Find Me Finding You

Album Review of Find Me Finding You by Laetitia Sadier Source Ensemble.

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Find Me Finding You

Laetitia Sadier Source Ensemble

Find Me Finding You by Laetitia Sadier Source Ensemble

Release Date: Mar 24, 2017
Record label: Drag City
Genre(s): Pop/Rock, Alternative/Indie Rock, Indie Electronic, Post-Rock, Experimental Rock

76 Music Critic Score
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Find Me Finding You - Very Good, Based on 3 Critics

AllMusic - 80
Based on rating 8/10
80

Laetitia Sadier has spent much of her career decrying capitalism, but on the Laetitia Sadier Source Ensemble's debut album, Find Me Finding You, she responds to the late-2010s resurgence of right-wing forces with idealism instead of polemics. As she explores how politics are interconnected on a global and personal level, she reaffirms that the foundation of her beliefs is love. Not a sentimental, possessive love, but an "Undying Love for Humanity," as she describes it on the album's thrumming opening track.

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Record Collector - 80
Based on rating 4/5
80

Ostensibly inspired by "a mind's-eye envisaging of geometric forms and their possible permutations", erstwhile Stereolab chanteuse Laetitia Sadier has assembled a work of characteristic grace with her new fellow travellers, The Source Ensemble. And while Find Me Finding You won't necessarily offend dyed-in-the-woofer Stereolab aficionados - no apple need ever fall far from such an efflorescent tree - it still successfully stakes out a corner of its own, its abstract yet meticulously formal layers suggesting an aural Mondrian painting. Sadier's confounding gift is the ability to convey an inundation of deeper feeling with a level, impassive gaze, singing in her matter-of-fact, emotionally unencumbered manner.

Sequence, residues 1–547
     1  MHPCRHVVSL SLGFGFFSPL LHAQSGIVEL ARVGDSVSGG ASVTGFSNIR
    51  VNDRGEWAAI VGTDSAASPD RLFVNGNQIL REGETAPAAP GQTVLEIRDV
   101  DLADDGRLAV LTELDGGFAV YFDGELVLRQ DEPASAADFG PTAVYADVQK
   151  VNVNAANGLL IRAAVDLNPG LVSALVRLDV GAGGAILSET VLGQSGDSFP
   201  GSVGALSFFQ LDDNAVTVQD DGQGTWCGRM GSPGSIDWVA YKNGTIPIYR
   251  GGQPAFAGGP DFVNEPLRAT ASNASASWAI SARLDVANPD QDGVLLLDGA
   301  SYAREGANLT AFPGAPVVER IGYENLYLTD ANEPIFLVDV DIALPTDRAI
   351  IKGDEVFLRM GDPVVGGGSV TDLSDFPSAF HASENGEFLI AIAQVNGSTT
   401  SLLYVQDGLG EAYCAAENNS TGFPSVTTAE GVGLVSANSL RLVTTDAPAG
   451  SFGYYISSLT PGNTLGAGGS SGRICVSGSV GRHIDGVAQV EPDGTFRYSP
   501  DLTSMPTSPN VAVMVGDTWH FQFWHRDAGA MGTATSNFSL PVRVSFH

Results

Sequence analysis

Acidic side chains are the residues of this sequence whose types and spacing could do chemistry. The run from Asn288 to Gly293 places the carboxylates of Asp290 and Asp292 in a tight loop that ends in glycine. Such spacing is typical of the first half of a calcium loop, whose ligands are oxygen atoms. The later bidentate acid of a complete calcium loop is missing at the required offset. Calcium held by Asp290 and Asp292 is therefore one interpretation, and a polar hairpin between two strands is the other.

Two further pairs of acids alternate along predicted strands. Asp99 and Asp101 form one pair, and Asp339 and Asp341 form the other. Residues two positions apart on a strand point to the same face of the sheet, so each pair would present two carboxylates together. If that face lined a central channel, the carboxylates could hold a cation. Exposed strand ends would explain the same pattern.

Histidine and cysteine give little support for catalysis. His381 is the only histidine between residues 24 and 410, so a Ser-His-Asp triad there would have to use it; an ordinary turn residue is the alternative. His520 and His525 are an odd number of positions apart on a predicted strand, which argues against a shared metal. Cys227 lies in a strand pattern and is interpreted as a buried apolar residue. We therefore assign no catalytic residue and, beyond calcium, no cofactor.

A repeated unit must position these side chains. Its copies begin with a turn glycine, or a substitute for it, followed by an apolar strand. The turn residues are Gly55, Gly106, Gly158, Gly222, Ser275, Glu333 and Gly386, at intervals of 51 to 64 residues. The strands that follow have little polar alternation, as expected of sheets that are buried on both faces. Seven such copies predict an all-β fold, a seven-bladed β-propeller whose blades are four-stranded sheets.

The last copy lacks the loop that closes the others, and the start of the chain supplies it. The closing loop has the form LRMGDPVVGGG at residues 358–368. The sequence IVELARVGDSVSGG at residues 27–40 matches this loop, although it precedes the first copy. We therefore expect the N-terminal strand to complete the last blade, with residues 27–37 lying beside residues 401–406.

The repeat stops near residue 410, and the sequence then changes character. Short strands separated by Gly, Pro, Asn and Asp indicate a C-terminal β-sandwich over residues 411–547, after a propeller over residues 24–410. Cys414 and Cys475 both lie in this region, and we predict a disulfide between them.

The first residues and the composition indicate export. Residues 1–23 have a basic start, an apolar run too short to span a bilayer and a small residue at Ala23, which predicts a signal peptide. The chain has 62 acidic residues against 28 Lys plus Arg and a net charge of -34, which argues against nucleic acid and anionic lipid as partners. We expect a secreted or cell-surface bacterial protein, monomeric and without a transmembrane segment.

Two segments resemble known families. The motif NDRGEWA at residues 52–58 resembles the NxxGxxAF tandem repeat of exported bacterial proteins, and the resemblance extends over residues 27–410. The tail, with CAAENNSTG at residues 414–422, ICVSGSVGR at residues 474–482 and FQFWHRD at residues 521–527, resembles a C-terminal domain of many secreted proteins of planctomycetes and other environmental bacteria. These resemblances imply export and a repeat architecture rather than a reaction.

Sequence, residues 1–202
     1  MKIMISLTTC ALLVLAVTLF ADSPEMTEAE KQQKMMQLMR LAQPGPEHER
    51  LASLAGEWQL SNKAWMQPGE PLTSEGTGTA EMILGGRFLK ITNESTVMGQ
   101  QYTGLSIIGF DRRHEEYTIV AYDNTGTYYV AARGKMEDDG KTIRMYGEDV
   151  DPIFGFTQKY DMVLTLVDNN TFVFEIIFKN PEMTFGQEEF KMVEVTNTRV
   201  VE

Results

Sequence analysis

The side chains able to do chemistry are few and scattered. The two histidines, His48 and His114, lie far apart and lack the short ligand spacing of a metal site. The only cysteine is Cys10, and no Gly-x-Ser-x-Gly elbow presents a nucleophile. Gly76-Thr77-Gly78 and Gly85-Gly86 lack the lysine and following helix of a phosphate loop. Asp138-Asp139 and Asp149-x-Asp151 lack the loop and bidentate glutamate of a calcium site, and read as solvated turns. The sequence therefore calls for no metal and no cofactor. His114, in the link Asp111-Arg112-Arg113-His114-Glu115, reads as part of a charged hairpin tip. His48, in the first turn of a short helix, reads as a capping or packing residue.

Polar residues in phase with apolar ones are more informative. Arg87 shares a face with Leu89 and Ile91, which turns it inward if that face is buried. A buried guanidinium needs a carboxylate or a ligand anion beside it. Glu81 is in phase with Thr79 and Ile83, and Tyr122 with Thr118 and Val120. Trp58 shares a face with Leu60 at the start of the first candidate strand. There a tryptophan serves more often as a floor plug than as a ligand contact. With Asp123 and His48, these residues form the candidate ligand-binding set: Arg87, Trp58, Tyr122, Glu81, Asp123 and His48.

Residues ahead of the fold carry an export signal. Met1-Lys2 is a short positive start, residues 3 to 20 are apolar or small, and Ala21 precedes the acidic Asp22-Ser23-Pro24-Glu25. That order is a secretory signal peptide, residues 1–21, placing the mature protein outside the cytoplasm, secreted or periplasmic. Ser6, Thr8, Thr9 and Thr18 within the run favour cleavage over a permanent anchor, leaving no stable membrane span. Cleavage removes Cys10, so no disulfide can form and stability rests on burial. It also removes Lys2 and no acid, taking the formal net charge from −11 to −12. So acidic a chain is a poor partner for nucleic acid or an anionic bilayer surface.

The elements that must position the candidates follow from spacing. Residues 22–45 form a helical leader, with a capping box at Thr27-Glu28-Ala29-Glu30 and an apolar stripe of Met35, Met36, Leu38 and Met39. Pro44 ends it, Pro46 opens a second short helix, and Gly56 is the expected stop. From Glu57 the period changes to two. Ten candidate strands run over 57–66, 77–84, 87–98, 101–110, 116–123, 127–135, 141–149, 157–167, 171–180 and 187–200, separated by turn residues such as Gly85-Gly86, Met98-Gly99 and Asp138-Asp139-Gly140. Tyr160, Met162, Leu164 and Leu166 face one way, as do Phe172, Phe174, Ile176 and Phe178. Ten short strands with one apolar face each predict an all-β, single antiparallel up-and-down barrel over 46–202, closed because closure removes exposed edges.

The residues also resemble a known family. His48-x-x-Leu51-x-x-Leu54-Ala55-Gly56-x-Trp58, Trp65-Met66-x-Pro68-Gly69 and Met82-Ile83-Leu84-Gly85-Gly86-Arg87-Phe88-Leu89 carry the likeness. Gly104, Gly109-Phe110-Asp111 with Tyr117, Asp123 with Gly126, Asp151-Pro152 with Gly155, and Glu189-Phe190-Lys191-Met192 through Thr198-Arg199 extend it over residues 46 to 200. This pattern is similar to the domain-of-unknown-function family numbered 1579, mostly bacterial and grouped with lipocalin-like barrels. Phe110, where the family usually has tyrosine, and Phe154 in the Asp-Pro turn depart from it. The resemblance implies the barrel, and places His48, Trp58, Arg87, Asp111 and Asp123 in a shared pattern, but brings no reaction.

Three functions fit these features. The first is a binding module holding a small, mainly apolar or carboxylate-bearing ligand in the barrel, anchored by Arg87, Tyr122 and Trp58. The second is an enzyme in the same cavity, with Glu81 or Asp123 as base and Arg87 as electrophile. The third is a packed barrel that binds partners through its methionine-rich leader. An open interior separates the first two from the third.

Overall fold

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Pitchfork - 68
Based on rating 6.8/10
68

In an interview surrounding her 2014 album Something Shines , former Stereolab singer Laetitia Sadier laughingly said that, since the days of her old group, she's been " cultivating the same piece of land, [but] maybe I grow different vegetables." The pithy comment stands as a fairly perfect summation of the 48-year-old's career. S ince arriving on the European indie scene back in 1991 with the first Stereolab EP, Super 45 , Sadier's vocal and lyrical approach has remained consistent: She applies her crystalline alto to lyrics that explore philosophy and political inequality through a Marxist lens. In Stereolab and as a solo artist, Sadier's musical tastes have tended to skew nostalgic, mixing influences of 1960s pop from the U.S.

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